&ldquoThe more it changes the more it stays the same” says Greg Palast, this cold and wet Saturday three days before one of the most hotly contested elections in American History. Palast, author of The Best Democracy Money can Buy was the journalist who broke the story about the illegal removal of thousands of voters from the Florida voting register before the 2000 election, paradoxically reported on BBC rather than the American networks where he is a persona non grata. It's an obvious question to ask, but a vital one, and if there's one journalist who's done the legwork on this it's Palast: have things been cleaned up since the 2000 scandal? &ldquoWell, supposedly, Jeb Bush, who was sued by the NAACP, agreed to put back all the black folk who were not criminals, which was 97% of the people on the list. – he pauses for effect – He didn't, and tens of thousands of people will not be able to vote on Tuesday”. And, as he reported for BBC's Newsnight, there are more hi-jinxs expected in Florida come election day: &ldquoRepublicans are keeping lists of African-American voters that they intend to challenge this Tuesday. Secret lists, and the reason that they're secret is that to target an African-American specifically is against federal law, but like all the laws they break, as long as they win, they win. They control not only the election machinery but also the enforcement machinery. I'm not going to expect John Ashcroft to bust brother Jeb”.
One imagines that if the election comes down to Florida alone, that this time round it'll be harder to pull off what Palast descirbes as the &ldquoShoplifting of the Presidency”, but, spurred on by his Florida findings after 2000, Palast has investigated voting procedures throughout the United States and has come to alarming conclusions, which, needless to say, have failed to appear in the mainstream American Media so far. &ldquoThe problem is that we have an apartheid system nationwide. Since the last book, I've worked out that there are two million votes that go uncounted. Ballots that aren't counted due to technical problems”. This would seem normal in any democracy, votes get spoiled and there you have it. Not so. Palast goes on: &ldquoWe have all these goofy voting machines – people are worried about the introduction of computers, but all our machines are a mess, and they lose votes. People go in and vote and don't realise that through a technical fault their vote has gone unrecorded. This isn't an estimate, because attempts to vote have to be counted as well as actual votes. Half of these lost votes are cast by African American voters, by black voters. Half, – he emphasises -even though blacks make up about a tenth of the population of the United States electorate. If you're a black person you're roughly 800% more likely to have your vote thrown out for a technical reason than a white person. So one of the big issues in America is that, while we now have laws that no longer bar black people from voting, which we used to have, on the other hand it doesn't mean that the vote will actually count”.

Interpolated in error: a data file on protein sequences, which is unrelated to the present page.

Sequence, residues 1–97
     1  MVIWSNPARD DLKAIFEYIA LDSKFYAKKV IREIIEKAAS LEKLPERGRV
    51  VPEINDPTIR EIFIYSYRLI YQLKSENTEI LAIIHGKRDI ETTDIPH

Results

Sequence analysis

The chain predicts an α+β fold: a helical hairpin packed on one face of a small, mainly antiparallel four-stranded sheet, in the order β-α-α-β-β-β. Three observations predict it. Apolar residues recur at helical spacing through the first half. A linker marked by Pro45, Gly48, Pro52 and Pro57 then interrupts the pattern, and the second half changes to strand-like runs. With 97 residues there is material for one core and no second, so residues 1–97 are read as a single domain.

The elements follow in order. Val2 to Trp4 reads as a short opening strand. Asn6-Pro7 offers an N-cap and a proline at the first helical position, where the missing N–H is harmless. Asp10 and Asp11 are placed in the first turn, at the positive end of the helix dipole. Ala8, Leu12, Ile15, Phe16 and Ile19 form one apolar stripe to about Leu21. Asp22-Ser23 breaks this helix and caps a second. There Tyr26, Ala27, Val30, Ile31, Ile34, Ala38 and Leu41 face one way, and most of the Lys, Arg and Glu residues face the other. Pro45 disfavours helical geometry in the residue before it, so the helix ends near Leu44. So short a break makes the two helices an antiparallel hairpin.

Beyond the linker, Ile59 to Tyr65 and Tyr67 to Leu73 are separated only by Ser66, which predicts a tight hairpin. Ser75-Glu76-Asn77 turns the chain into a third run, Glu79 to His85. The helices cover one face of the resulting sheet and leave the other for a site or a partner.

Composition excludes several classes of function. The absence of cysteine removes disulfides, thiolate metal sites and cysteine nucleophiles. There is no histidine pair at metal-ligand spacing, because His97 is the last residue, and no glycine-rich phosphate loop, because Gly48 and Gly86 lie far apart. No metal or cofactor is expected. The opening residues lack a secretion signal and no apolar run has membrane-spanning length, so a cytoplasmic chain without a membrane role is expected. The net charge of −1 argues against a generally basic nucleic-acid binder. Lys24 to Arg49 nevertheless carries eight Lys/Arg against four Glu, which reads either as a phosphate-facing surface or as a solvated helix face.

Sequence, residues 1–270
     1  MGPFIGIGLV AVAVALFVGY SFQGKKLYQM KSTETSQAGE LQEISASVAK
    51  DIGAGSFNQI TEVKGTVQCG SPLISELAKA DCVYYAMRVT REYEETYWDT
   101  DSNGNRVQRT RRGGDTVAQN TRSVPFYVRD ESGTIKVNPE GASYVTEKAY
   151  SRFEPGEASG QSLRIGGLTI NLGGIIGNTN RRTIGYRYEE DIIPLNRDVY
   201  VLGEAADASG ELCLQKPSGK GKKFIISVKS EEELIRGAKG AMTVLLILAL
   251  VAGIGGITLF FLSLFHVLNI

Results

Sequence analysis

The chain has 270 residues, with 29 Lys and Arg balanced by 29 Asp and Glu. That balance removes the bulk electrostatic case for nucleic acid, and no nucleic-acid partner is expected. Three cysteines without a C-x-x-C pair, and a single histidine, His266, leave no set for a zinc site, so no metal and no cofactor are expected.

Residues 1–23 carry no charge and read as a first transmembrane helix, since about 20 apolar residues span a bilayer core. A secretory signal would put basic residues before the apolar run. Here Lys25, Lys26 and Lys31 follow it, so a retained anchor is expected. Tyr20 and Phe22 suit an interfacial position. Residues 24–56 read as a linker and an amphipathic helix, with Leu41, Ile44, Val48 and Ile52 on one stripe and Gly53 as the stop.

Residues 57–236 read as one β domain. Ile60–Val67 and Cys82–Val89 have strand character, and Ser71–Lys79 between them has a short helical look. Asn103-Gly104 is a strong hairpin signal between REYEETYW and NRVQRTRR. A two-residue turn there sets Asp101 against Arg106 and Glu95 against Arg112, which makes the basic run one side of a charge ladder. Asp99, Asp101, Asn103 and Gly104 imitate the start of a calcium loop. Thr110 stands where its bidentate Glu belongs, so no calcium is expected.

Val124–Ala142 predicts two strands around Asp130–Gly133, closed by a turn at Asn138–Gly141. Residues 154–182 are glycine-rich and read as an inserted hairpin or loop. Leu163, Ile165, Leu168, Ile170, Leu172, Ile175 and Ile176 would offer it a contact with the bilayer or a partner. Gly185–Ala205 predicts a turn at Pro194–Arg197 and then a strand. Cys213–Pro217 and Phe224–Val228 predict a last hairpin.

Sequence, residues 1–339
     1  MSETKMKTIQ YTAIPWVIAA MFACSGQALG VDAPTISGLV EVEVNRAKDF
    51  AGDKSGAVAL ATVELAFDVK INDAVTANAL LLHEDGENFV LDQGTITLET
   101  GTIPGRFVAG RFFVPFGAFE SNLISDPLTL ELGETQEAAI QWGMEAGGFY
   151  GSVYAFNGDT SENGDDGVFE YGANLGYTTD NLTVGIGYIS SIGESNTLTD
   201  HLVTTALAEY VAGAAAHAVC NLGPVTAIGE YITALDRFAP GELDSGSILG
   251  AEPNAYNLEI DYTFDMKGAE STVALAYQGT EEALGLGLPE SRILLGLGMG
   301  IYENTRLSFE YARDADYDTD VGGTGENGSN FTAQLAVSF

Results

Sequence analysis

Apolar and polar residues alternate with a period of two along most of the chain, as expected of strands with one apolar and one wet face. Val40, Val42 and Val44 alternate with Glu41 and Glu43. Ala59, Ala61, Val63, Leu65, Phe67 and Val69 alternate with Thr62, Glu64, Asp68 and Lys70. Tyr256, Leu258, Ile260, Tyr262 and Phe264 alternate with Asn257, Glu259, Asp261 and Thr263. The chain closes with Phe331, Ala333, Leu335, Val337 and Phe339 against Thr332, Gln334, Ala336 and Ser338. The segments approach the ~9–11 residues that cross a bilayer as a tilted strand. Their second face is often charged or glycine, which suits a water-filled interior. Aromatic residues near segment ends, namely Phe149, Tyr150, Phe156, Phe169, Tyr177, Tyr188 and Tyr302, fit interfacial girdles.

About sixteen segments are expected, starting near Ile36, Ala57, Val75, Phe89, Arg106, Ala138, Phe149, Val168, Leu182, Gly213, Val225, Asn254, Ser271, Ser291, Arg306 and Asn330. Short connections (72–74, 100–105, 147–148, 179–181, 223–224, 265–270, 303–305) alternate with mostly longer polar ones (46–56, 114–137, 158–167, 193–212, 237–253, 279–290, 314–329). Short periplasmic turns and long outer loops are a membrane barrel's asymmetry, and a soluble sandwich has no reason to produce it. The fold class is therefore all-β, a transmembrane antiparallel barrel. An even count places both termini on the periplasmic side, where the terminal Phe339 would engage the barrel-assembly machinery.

It seems impossible to believe that a) such a situation could exist, and that b) the Democrats, who lost in 2000, if the theory is correct partly due to this disenfranchisement, haven't made more of a fuss about it. Why hasn't the issue garnered more attention in the election campaign? &ldquoIt's starting to be taken on at a national level. John Kerry has mentioned these missing black votes several times, – and here he scarcely manages to conceal his frustration – unfortunately only to black audiences. John Edwards has made an issue of it, as has the Democratic party in Florida and elsewhere. However, all politics is local, as we say in the US. What that means is that local officials of both parties like the system as it is. For example in cities like Chicago and Atlanta, or the state of Georgia you have white Democratic party officials who maintain control of their party because they don't have too many black votes, even if it means that they lose some elections, they retain control of their party. It's a [heavy emphasis] big issue.
On the ground the democratic party will not defend the black voter. You'll get some lip service at the top, but the same old 'jim crow' action at the bottom.
Palast, who came to journalism seven years ago from a background as a rackateering investigator, has been virtually exiled from the American media due to his uncomfortable reports. He's been labelled a conspiracy theorist, to which he replies &ldquoI'm a conspiracy expert. I'm called a conspiracy nut, which always gets a laugh from the conspirators. That's what I did for a living. I was hired by the Government to investigate racketeering conspiracies”. He continues to point out: &ldquoEvery time I'm called a conspiracy theorist, what you never see is exactly what fact it is that they're challenging. I remember my friend Bob Parry[Editor’s note:Associated Press Journalist] who was writing this insane unbelievable story that US operatives were selling guns to the Ayatollah Khomeni in Iran, and using the money to support the Contras in Nicaragua. It was such an unbelievable conspiracy theory, but it was true of course.”